If you will be running Exchange 2003 & 2010 simultaneously with mailboxes in both environments, you’ll need to run the Set-OWAVirtualDirectory command on each CAS Server in your organization.  The command to run is:


Set-OWAVirtualDirectory -Identity "CASServer\owa (Default Web Site)" -Exchange2003URL https://legacy.webmail.domain.com/exchange

Simply change the relevant parts to reflect the settings in your environment.  This will tell Exchange 2010 OWA to redirect for clients with Exchange 2003 mailboxes to the appropriate OWA server.

Exchange Server: How to use the InterOrg Replication Tool to Replicate Free/Busy Between Exchange 2003 & 2007

Recently, the company I work for acquired another large enterprise. In order to facilitate the integration of the two companies, I was required to get the Free/Busy calendar information flowing between the two organizations Exchange Servers. In our situation we were running Exchange 2003 Front-End and Back End servers with Exchange 2007 Edge Transports. The acquired company was running Exchange 2007 with separate mailbox, client access, and hub transport servers.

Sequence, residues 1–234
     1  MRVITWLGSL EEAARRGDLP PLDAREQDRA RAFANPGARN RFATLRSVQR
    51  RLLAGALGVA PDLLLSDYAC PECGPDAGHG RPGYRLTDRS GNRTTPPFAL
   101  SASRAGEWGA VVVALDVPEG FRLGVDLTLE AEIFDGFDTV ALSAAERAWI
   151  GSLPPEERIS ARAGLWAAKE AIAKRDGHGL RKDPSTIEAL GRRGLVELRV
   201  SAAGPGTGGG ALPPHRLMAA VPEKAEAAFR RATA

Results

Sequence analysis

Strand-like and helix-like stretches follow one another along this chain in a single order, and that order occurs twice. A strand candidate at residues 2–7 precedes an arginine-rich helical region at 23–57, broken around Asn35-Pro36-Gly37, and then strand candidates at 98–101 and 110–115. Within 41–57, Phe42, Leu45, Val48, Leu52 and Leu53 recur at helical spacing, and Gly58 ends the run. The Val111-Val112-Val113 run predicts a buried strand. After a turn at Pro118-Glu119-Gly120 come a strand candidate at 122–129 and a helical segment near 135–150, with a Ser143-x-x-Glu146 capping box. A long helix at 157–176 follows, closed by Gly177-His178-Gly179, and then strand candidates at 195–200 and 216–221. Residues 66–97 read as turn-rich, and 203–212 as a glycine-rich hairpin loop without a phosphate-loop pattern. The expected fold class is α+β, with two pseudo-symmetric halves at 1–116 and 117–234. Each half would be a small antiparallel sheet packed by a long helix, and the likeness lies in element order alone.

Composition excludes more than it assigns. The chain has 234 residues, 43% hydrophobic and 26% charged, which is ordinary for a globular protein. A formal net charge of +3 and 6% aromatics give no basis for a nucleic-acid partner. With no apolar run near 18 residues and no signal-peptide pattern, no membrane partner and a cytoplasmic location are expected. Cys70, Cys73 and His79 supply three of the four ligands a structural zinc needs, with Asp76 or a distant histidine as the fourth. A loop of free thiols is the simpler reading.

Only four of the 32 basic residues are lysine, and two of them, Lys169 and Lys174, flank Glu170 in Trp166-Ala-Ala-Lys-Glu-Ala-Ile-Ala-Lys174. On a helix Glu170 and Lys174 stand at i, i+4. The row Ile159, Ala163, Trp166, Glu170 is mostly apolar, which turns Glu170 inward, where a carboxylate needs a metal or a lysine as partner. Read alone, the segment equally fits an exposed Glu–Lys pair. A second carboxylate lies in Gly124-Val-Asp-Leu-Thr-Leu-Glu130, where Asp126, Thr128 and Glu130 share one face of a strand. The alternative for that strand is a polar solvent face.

For us, this was a short term thing as we were migrating to Exchange 2010 anyway. Nevertheless, it was exceedingly important we get this running quickly.

Microsoft actually has three excellent articles on deploying the InterOrg Replication Tool:

InterOrganization Replication Tool

Installing, configuring and using the InterOrganization Replication Tool

How to Use the Exchange 2003 Version of the Inter-Organizational Replication Tool with Exchange 2007

Between those three articles, you can easily get the InterOrganizational Replication Tool set up and configured… but not necessarily operational.
; )

There are three important bits of information those three articles neglect to mention.

In our situation, we purchased another company and needed to replicate Free/Busy information.